Effects of ingredients on gel properties and salt-soluble proteins of sirimi from silver carp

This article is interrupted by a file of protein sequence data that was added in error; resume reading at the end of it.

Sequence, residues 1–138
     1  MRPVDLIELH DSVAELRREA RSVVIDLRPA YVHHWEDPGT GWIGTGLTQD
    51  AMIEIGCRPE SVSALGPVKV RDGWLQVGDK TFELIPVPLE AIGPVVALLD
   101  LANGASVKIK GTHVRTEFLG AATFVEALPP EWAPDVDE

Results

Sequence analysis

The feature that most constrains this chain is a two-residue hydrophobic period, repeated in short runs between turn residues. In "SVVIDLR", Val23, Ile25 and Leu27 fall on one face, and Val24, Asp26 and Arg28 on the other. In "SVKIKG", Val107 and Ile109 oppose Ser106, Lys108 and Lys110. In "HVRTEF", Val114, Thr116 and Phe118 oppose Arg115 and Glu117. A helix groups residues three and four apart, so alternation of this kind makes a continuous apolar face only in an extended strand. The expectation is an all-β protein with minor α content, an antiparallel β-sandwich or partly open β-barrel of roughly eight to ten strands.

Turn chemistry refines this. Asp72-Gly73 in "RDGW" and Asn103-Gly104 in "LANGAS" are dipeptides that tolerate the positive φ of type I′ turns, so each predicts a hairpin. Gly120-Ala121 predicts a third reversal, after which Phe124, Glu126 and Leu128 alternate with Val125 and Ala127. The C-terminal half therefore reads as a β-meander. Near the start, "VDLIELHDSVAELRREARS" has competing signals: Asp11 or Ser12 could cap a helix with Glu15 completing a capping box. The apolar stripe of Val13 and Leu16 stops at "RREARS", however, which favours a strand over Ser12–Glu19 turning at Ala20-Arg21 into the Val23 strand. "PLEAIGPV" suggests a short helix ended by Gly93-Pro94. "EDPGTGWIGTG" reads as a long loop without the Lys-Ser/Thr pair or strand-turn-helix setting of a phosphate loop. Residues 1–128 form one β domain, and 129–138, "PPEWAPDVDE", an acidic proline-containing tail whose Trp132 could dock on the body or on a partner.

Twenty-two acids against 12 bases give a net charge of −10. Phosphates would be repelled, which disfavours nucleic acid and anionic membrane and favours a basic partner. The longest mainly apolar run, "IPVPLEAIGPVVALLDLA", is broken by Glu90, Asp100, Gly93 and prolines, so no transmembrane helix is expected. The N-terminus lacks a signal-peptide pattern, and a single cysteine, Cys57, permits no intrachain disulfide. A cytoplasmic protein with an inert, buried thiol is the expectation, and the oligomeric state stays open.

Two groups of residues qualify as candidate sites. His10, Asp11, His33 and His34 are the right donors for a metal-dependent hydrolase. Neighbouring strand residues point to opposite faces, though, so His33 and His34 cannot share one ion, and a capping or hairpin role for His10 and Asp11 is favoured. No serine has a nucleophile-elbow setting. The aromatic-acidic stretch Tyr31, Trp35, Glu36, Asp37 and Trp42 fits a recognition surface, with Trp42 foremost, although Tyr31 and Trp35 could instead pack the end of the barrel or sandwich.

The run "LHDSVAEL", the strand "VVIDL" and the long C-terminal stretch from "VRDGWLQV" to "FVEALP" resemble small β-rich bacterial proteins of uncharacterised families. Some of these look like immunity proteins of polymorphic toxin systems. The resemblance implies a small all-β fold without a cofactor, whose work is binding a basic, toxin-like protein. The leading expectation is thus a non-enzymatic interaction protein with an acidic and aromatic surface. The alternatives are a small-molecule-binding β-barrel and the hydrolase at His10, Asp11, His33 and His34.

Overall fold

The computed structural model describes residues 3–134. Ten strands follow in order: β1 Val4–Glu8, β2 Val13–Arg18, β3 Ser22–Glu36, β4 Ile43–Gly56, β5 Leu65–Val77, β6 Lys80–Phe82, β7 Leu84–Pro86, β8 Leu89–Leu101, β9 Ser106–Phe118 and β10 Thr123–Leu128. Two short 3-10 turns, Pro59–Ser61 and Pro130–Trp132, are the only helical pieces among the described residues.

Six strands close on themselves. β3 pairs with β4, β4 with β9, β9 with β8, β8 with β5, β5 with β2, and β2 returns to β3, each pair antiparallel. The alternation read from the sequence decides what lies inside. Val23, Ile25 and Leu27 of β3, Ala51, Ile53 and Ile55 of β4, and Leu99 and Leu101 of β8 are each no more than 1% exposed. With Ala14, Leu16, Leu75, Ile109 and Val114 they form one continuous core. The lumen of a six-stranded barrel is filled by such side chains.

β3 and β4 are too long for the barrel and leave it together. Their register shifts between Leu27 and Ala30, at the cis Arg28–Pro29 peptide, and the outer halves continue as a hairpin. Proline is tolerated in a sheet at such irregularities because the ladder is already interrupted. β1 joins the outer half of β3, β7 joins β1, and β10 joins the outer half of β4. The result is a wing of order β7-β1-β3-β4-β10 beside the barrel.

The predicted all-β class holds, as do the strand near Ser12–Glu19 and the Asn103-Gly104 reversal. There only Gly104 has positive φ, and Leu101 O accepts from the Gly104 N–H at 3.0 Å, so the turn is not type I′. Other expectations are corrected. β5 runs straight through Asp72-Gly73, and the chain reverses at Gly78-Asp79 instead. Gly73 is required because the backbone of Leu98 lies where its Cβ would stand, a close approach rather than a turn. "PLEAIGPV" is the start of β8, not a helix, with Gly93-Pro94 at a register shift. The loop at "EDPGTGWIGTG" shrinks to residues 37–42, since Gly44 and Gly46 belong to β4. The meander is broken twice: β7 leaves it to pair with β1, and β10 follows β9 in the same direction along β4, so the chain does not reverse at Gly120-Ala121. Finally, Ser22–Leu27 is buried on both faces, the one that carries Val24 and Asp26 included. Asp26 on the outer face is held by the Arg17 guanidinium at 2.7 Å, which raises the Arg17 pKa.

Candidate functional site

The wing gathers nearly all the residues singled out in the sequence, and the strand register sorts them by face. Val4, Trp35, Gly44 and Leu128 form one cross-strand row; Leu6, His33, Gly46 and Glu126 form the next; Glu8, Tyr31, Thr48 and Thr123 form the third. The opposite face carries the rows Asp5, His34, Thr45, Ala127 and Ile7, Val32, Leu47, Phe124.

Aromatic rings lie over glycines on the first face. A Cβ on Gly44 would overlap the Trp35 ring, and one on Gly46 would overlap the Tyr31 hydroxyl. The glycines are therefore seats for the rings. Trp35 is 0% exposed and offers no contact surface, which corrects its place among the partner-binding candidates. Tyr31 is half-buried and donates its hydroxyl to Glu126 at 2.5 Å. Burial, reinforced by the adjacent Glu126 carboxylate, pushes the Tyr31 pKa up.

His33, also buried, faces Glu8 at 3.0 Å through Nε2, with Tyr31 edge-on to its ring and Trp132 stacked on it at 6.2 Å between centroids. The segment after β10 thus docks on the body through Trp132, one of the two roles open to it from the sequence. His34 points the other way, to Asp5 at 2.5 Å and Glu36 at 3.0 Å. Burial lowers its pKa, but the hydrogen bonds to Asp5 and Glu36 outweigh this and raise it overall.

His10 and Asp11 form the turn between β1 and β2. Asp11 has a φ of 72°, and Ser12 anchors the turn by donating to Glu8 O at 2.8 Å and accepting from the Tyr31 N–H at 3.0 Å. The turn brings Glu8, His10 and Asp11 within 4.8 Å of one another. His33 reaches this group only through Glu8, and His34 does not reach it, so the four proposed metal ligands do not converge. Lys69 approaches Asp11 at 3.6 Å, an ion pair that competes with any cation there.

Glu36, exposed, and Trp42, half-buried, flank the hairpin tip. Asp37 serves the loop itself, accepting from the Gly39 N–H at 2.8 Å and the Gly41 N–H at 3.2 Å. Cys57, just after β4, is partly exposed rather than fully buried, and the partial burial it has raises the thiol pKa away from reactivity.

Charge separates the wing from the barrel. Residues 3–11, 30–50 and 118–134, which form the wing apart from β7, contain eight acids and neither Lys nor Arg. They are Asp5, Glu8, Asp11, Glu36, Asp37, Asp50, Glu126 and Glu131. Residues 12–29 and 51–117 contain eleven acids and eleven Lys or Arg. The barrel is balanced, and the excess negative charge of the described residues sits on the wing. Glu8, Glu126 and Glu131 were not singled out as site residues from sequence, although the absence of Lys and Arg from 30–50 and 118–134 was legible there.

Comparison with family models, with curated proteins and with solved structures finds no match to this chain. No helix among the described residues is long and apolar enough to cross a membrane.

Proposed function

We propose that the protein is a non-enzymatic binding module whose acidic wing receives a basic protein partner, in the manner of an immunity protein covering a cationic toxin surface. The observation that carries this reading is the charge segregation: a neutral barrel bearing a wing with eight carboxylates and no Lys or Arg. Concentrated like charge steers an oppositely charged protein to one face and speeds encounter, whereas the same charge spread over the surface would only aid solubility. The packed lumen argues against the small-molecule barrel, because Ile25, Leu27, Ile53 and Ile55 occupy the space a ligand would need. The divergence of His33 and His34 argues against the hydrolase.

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[ACCESS RESTRICTED TO THE UNIVERSITY OF MISSOURI AT AUTHOR'S REQUEST.] Silver carp (Hypophthalmichthys molitrix) are an introduced species in central North America that cause enormous environmental damage and have little economic value. They can be regarded as a potential source of surimi products in order to add commercial value. The objectives of this research are to determine, by response surface methodology (RSM), the simultaneous effects of corn starch, egg white and moisture content in the surimi from silver carp based on hardness, gel strength, shear force, pH, and water activity; as well as the cryoprotective effects of sucrose and sorbitol on salt-soluble proteins (SSP) of the surimi. The mathematical model revealed no significant interactive effect among the first three ingredients nor between sucrose and sorbitol. Corn starch and/or egg white exerted a positive impact on gel properties, while moisture content contributed to a more rapid decreasing rate on gel properties than the increasing rate attributed to corn starch and/or egg white. The highest gel strength was reached when starch (3-5%) and egg white (6-8%) were added together. The highest hardness and shear force values would be attained with maximum addition of starch (6%) and egg white (8%). No differences were found in pH, water activity and gender effect regardless of treatment. Salt-soluble protein (SSP) in all treatments decreased distinctly during the first week of frozen storage. Although the highest SSP content was reached when sucrose (4- 5%) and sorbitol (5-6%) were added together, the addition of 4% sucrose and 4% sorbitol still maintain fairly high levels of SSP content during frozen storage.
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